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The world’s greatest walled cities

Carcassonne, France, seen over vineyards.

What’s it like to have a towering piece of history surrounding your backyard? We asked residents of five fortified towns across the globe.

Massive stone walls were once the last line of defence for ancient cities – impervious structures built to protect their inhabitants from enemies outside. Over the years, many of these walled cities have crumbled. But those that remain continue to protect a way of life for those living within, providing residents with a daily appreciation for history and influencing various aspects of life, from safety to traffic to tourists and more.

We talked with residents of some of the world’s best-known and best-preserved walled cities – all Unesco World Heritage sites– to find out what it is like to have such a towering piece of history surrounding thei...

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The lake at the end of the world


Barely one hour from Slovenia’s capital, Ljubljana, Lake Bohinj is in the middle of nowhere – out of season and time – and it’s wonderful.

“We have a saying here in Slovenia,” said Grega Silc, a Hike & Bike Slovenia tour guide, as we cycled around the riotous green of the ridge. “In Bohinj, we’re a day or two behind the rest of the world.”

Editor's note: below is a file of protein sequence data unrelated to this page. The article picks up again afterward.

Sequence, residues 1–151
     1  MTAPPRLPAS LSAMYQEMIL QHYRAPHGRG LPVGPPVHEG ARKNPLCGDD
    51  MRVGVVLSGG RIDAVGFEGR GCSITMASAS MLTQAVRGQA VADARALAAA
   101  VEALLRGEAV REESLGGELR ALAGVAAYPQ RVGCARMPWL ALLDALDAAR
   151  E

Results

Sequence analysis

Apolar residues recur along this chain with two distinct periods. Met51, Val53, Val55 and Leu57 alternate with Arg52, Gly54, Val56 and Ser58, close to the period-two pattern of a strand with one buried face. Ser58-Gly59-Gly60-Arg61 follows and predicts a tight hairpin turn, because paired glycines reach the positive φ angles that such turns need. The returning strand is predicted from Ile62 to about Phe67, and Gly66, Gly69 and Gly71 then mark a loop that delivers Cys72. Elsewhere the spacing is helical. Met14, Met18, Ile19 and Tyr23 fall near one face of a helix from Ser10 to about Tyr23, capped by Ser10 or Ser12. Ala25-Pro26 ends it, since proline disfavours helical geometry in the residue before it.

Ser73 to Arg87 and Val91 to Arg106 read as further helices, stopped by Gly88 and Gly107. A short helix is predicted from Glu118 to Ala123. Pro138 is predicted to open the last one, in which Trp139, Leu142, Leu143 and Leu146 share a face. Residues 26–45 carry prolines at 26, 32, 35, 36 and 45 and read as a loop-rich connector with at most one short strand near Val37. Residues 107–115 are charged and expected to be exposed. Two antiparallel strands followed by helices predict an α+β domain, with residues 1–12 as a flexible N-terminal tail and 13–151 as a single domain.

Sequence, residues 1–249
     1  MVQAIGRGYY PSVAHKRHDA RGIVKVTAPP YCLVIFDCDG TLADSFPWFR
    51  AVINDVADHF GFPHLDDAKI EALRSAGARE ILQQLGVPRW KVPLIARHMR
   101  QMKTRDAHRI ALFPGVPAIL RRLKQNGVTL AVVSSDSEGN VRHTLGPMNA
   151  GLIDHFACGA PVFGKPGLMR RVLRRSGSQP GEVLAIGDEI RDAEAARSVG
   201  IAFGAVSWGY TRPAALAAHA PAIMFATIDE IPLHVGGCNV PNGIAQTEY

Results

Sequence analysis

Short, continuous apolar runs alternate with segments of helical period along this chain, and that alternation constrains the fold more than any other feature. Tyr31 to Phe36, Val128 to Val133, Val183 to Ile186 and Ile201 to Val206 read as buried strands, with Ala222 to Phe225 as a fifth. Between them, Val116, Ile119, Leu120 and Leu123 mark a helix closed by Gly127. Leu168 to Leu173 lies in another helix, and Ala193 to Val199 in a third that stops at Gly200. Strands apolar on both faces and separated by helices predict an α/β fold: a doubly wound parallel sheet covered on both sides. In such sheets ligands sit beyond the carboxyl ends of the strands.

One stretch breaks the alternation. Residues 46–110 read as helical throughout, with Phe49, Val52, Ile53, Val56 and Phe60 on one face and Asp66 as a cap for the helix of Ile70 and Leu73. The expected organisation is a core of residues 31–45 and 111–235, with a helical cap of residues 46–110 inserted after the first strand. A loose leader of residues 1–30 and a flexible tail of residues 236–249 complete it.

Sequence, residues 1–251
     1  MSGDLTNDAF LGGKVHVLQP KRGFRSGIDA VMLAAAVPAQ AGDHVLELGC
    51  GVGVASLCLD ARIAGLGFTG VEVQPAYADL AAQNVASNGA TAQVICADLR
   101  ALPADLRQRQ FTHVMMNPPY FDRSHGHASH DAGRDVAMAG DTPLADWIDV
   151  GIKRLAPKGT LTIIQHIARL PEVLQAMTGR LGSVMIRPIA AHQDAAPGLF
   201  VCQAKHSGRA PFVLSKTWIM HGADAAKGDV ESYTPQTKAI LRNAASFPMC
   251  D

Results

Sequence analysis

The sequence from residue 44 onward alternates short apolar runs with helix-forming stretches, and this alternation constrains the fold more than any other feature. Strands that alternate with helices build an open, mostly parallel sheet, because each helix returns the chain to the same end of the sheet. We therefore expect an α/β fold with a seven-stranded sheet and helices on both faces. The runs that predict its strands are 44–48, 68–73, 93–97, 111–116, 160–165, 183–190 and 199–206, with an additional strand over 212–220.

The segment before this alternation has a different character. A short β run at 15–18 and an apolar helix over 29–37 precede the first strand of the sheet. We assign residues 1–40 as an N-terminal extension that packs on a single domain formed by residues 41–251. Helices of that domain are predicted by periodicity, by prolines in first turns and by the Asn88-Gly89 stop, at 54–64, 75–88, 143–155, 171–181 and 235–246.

Silc grinned; a day or two is manageable. The lag used to be worse. For centuries, the sheep- and goat-herding villages around the glacial Lake Bohinj were cut off from the rest of Slovenia by poor roads and vertiginous terrain, clustered in the shadow of the Julian Alps. Transport to Ukanc – a hamlet on the far side of the lake whose name loosely translates to “the end of the world” – could take weeks.

Wooden houses make Bohinj feel timeless (Credit: Credit: zkbld/Thinkstock)

Wooden houses make Bohi...

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A 77km hike that could inspire miracles

EKDNAW Gran Canaria roque el fraile in Tejeda

With Spain’s Camino de Santiago becoming a victim of its own success, Matthew Hirtes chose to walk this less-crowded, less-known version of the pilgrimage, 1,750km to the south.

Everyone’s heard of Spain’s Camino de Santiago, the 100km-plus Way of St James route that leads pilgrims to Galicia’s cathedral of Santiago de Compostela, where the saint’s remains are believed to be buried. But it will probably come as some surprise to learn there’s another Camino 1,750km to the south, on the mid-Atlantic island of Gran Canaria.

Gran Canaria holds the hidden Camino (Credit: Credit: Guido Haeger/Wikipedia)

Gran Canaria holds the hidden Camino (Credit: Guido Haeger/Wikipedia)

This pilgrimage is so unknown that even people on the island couldn’t seem to give me any information...